Since the invention of electronic cigarettes, there has been a great debate about the possible health impacts of vaping. British researchers have been leading the studies tailored towards documenting the health impact of e cigarettes, as compared to tobacco smoking. From various studies, these researchers have claimed that e cigarette smoking will possibly save 6,000 lives out of every 1 million smokers.
The University of London College research team published their work in the British Journal of General Practice indicating that the public health community was rushing to impose regulations on electronic cigarette smoking as opposed to tobacco smoking. These two products have different health impacts and they need to be considered separately when developing and implementing regulations.
Smokers are looking for nicotine satisfaction. Although nicotine is addictive, it is not associated with smoking deaths, but tar is. Therefore, a product such as an e-cig that helps smokers get their nicotine while free of tar will be safer to use because it will prevent deaths and suffering caused by traditional tobacco cigarettes.
Public Ban On E Cigarettes May Be Premature
The World Health Organization has imposed a ban on smoking e-cigs in public, and has urged relevant authorities to begin the crackdown on the same. Several public health groups have come out to air their full support for this ban and suggest tight regulations on e cigarettes and related products. The WHO announcement adds to a growing list of documented controversies especially in the scientific community about claims on the safety of e cigarettes.
In a response letter to the WHO announcement, more than 50 researchers wrote to the Agency and cautioned against overregulation. The researchers asked the UN Health Agency to resist the urge to over control and suppress the manufacturing and use of e-cigarettes. In the open letter, these researchers held that e-cigarettes are an advent in healthy smoking and that this innovation aims at preventing the harm that comes with tobacco smoking.
However, the health claims of e cigarette smoking are mixed. In the first quarter of this year, the UCL team admitted that the likelihood of quitting smoking when using electronic vapour remained at 60%. On the other hand, several researches have claimed that smokers who changed to e-cigarettes smoking were equally less likely or more likely to feel the urge to quit smoking than if they used a traditional patch or gum strategy. These reports indicate the mix up in the science of e cigarettes as an aid to quit smoking.
A research study conducted by the U.S. Center for Disease Control and Prevention revealed that electronic cigarette use among the school age population has increased three fold in a span of three years. This is an alarming rate. The report continued to indicate that half of the children reported vaping were preparing to start conventional smoking within the next year.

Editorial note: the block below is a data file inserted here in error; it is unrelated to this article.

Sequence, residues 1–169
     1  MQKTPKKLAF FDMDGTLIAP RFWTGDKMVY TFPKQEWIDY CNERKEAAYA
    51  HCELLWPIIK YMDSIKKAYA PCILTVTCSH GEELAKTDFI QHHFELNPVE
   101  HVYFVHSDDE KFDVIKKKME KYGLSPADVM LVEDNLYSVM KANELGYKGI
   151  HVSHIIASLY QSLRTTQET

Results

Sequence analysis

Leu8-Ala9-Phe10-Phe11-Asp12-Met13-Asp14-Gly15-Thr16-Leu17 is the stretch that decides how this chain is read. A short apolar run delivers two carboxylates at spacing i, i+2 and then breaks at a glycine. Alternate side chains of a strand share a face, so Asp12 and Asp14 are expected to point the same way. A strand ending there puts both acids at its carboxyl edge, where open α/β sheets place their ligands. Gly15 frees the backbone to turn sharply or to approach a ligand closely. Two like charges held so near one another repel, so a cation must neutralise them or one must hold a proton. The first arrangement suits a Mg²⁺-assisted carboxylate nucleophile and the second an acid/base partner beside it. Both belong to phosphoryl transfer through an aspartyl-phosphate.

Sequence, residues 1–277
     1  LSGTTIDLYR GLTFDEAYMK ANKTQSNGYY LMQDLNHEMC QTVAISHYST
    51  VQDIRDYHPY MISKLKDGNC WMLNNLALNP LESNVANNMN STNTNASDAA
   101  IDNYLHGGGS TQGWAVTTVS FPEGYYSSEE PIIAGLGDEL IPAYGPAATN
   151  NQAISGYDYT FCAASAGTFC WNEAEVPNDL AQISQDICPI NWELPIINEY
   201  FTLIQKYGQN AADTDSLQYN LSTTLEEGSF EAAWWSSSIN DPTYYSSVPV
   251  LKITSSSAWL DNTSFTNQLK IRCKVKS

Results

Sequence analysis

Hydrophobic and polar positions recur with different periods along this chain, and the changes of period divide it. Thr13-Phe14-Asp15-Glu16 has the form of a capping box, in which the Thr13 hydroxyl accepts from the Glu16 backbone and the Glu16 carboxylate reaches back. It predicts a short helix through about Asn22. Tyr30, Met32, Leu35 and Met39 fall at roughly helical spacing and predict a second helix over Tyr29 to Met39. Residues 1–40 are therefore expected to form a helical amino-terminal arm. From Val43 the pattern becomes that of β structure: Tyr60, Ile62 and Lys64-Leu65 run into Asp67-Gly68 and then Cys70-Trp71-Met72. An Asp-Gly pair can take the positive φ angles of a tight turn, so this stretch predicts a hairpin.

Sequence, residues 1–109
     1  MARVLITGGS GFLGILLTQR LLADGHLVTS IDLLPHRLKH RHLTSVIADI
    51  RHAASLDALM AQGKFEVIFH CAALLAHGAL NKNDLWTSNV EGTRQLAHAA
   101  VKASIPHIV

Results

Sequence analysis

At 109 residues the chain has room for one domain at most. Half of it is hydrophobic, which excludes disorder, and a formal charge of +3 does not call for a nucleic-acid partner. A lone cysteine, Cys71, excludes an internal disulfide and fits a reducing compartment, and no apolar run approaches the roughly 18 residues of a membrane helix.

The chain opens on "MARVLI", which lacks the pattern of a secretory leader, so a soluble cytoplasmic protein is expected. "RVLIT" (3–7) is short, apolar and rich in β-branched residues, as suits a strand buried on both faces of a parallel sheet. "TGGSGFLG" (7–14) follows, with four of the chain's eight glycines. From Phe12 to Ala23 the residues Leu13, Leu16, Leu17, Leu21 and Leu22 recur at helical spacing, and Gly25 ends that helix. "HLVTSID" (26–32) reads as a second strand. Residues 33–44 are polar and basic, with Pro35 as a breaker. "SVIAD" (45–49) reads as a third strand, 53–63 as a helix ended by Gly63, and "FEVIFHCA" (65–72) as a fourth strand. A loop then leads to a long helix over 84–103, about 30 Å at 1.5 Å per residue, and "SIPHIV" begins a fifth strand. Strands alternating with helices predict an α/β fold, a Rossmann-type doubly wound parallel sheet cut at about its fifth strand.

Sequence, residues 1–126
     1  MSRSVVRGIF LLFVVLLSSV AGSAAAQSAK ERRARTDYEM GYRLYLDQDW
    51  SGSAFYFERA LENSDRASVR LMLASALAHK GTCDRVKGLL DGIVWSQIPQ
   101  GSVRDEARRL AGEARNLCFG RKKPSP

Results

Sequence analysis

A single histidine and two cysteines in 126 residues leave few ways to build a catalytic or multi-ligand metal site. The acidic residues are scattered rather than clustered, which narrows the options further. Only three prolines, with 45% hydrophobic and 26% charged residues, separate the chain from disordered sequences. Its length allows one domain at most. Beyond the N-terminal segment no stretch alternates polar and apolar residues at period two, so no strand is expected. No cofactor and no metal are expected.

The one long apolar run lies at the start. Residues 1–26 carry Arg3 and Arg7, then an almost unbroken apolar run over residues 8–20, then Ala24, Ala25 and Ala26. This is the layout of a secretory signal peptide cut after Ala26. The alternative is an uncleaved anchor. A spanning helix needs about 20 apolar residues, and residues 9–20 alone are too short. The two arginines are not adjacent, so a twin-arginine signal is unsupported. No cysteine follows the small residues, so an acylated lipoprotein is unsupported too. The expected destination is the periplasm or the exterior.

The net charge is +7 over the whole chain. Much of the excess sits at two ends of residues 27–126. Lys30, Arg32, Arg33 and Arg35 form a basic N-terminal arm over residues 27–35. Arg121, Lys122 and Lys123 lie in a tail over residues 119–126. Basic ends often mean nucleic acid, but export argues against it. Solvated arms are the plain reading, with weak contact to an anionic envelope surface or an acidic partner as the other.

At the centre of electronic cigarette smoking and its health impact controversy is an editorial published in The Lancet concluding that there is little evidence to qualify e-cigs as safe smoking products or that they assist in reducing tobacco use.
The Lancet editorial indicated that, the only justification for sale and use of e cigarettes remains in finding significant and reliable evidence. Otherwise, the available evidences have not indicated beyond doubt that e cigarettes are a smoke cessation aid.
A significant number of health groups have raised their concerns about the climbing use of e cigarettes. In the past few days, the American Lung Association and approximately twenty other public health organizations urged the Food and Drug Administration to quickly introduce an oversight process of electronic cigarette products.
Electronic cigarettes continue to spark an interesting debate from across different sectors and industries. Erika Sward, the assistant vice president of the American Lung Association admitted that, regardless of any claims about vaping at the moment, regulations are still far off. She indicated that the post quit smoking status of vaping is yet to be known. No one knows whether vapour users will quit smoking all together or they will come back to smoking later. The long-term health impact about this product is not known and no one can give a direct conclusion whether vaping is healthy or not.
The deputy chief medical officer for the American Cancer Society, Dr. Leornard Lichtenfeld admitted that it is hard to forget past lessons where modified cigarettes created more harm that their intended purpose of being less harmful.
We need to understand the short term as well as the long term of the potential benefits and possible risks of electronic cigarettes. Research is required to find and document high quality evidence to answer the fundamental concerns about all possible risks of e-cigarettes and their benefits before making any significant conclusions for, or against regulations.
There is no doubt that there are a great many scientists looking in to e cigarettes at the moment. The majority seem to be saying they are a safer alternative to smoking, but the government bodies are calling for tighter regulations. What do you think? As always we would love to hear your views.
Author: Kevin Ewbank
Avid vaper & co-founder of SmokShop
Comments are closed here.